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This review is from: Wildside (Mass Market Paperback)
This is an intelligently written fantasy with an innovative plot. The characters are well developed and the interplay among them enough to keep me interested in their own stories minus the fantasy aspects. The narrator is a likable hero and come through smarter than his age. The only complaint I have is too much descriptive technical jargon which tends to slow down the pace of the story. A few times I just skiped how a certain object is built or how a plane is flew! More effort could have been invested in the wildside itself and the characters. A pity!
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4.0 out of 5 stars Smart Fantasy !, Sept. 4 2003
By 
This review is from: Wildside (Mass Market Paperback)
This is an intelligently written fantasy with an innovative plot. The characters are well developed and the interplay among them enough to keep me interested in their own stories minus the fantasy aspects. The narrator is a likable hero and come through smarter than his age. The only complaint I have is too much descriptive technical jargon which tends to slow down the pace of the story. A few times I just skiped how a certain object is built or how a plane is flew! More effort could have been invested in the wildside itself and the characters. A pity!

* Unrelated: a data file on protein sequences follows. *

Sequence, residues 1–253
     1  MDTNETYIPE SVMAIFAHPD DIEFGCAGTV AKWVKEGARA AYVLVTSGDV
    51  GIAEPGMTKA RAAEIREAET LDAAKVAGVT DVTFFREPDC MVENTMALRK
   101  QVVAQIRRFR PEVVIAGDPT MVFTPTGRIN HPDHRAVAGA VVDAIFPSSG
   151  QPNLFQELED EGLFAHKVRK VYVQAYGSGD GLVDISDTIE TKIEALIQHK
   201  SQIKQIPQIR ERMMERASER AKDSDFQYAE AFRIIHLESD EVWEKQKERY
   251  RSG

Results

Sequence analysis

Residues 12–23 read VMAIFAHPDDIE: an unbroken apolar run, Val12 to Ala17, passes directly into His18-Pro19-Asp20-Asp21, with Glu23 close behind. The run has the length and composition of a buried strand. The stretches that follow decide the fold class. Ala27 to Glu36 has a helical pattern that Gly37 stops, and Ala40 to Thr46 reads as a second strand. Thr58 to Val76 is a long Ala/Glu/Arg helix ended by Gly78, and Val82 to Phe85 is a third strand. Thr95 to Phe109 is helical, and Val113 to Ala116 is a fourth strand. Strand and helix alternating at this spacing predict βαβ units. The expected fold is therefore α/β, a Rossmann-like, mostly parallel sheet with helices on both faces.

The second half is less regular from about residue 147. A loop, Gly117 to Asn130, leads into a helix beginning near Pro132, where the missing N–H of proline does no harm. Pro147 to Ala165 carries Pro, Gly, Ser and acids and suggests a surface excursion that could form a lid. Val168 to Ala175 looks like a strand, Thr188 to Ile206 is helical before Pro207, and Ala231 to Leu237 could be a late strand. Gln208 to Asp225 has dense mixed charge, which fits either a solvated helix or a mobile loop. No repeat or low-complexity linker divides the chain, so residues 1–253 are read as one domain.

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5.0 out of 5 stars vivid and real, June 21 2003
By A Customer
This review is from: Wildside (Mass Market Paperback)
I'm very impressed w/ gould having read Blind Waves and Wild side. This is some of the most vivid and believable character writing I've ever seen, with complex and usually likeable characters,even with some very human failings. While the frame work is a scifi fanticy world, with wild animals airplains and goverment agents, the real story is about this group of 18 yr old kids and their relationships with each other and sometimes parents. He does seem to have a wierd soft spot for ecological disaster.
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5.0 out of 5 stars A wild ride on the Wild Side!, June 20 2003
By 
Gunfighter (Northern Virginia) - See all my reviews
This review is from: Wildside (Mass Market Paperback)
Once again, Gould doesn't disappoint. If you liked Jumper, you'll love Wildside. If you didn't read Jumper, by all means do so, but don't worry, these are stand-alone stories so you don't need to read them in a particular order.
Gould does fine work here, particularly in describing the details that our young protagonist engages in to conduct his business.
The author certainly has a handle on the young and writes about them very well. Enough people have described what the book is about, so you don't need a rehash from me.
Just read it. You'll be glad that you did.
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5.0 out of 5 stars Charlie finds a door...and it serves as an amazing read!, July 29 2002
By 
Thef (Boston, MA) - See all my reviews
This review is from: Wildside (Mass Market Paperback)
I read Wildside a few years ago, at the beach, and I could barely take my nose out of this book to go swimming! That may seem a bit "uncool" of me, but once you read this book you will know exactly what I am talking about. But you now have fair warning that if you are going to start this book, don't have anything planned for a day or three (depends on how fast you read).